The ARDY office is all abuzz this month about an impending switch to a completely new software system to manage all of the organization’s microfinance data. A representative from a Sino-German microfinance consultant, based in Beijing, as well as from a Nepal-based software distributor, are both spending the month in Jincheng to oversee the switch and train the staff on the new system’s operation. The new software, called Microbanker, is a powerful example of international development collaboration. It was originally developed by the UN Food and Agriculture Organization’s Asia division, in Bangkok, in collaboration with the German technology firm GTZ. Microbanker of Nepal, the nearest distributor, has successfully installed the software in 37 different countries.
The software has the potential to dramatically increase the efficiency of ARDY’s operations as well as make future expansion and modification of the model much faster and cheaper. While each of ARDY’s branches currently manages the data for its own set of loans entirely locally, making it impossible to access that data from the central branch or from other branches, the new system will connect each branch to an internal network to make all of the organization’s loan data accessible from anywhere.
So good so far, right? Of course, installing an entirely new software system on computers spread out throughout seven different remote towns in mountainous rural China is easier said than done. Observing this process of bringing state-of-the-art technology into rural China, and many tiny snags encountered along the way, has been an interesting experience.
The installation process is an interesting case study in international cooperation. The two Nepalese consultants learned fluent English from a young age, and need the Chinese consultant from Beijing, who speaks good English, to communicate with the ARDY staff. It has been gratifying to feel useful as a miscellaneous interpreter when the official translator is busy.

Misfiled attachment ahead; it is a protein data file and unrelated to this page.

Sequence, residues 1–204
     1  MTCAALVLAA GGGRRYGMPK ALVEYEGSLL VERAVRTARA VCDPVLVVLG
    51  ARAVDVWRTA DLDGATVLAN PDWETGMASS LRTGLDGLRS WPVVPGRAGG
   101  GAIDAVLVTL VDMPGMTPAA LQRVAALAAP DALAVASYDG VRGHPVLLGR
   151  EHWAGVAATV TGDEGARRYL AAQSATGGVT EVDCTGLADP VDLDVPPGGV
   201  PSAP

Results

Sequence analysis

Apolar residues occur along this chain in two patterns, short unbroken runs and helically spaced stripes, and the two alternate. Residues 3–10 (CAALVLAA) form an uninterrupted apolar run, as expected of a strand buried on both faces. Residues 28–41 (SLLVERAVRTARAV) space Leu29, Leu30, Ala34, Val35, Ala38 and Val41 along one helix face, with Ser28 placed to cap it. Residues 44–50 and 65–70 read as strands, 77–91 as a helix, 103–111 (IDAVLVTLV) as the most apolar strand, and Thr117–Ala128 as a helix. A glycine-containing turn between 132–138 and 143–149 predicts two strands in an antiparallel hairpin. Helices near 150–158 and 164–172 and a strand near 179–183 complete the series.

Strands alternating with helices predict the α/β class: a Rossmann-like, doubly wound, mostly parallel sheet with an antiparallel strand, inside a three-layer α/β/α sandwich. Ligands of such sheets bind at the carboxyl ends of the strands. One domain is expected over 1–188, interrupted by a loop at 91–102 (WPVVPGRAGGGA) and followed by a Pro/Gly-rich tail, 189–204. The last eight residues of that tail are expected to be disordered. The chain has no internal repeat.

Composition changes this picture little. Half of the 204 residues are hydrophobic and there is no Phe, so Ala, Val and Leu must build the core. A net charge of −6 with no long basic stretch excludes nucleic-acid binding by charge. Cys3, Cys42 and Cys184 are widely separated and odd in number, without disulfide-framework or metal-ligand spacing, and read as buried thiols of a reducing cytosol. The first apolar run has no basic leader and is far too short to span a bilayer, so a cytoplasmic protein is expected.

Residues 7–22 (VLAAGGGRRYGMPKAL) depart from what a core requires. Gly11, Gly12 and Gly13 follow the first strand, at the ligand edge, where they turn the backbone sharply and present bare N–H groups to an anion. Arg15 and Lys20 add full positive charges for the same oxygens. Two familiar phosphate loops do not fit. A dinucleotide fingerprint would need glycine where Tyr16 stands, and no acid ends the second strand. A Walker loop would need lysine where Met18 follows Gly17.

A couple of weeks ago I travelled with the outside consultants to the Yong Le branch and watched as they connected the branch’s computers into the new software network. Before long, the tiny concrete storefront was bristling with extra wires and Ethernet cables. Luckily, there was a clever local solution for organizing the wires; one of the loan officers disappeared and returned with a plain length of steel pipe, into which all of the wires were threaded. When the wire on the surge protector they were using proved too short to fit through the wire, the loan officer vanished again and returned with a longer wire, then proceeded to take the surge protector apart, strip the insulation of both ends of the new wire and put the surge protector back together with the new, longer wire.
Though all of the hardware was finally assembled around noon, when the consultants opened the program they were unable to raise a signal from the main server that they had installed at ARDY headquarters in Jincheng. “We usually don’t get internet around noon,” the Yongle loan officer explained. “It comes on again after about an hour, around 1pm. The same thing happens from 6-7pm.” None of them had any reason why this was the case.
On the first day of installing the new software at the branch office in the town of Fuxing, the staff stayed up late, scrambling to finish the initial data migration before the next morning. “They’re turning the power off tomorrow morning,” a Fuxing loan officer told me, “we have to get all of the new data in before then.”
These types of obstacles are rarely predictable, and are the inevitable result of dealing with the idiosyncrasies of a rural setting like Yilong. Watching the installation process has been, for me, a powerful reminder that rural development is inherently an unpredictable and dynamic field.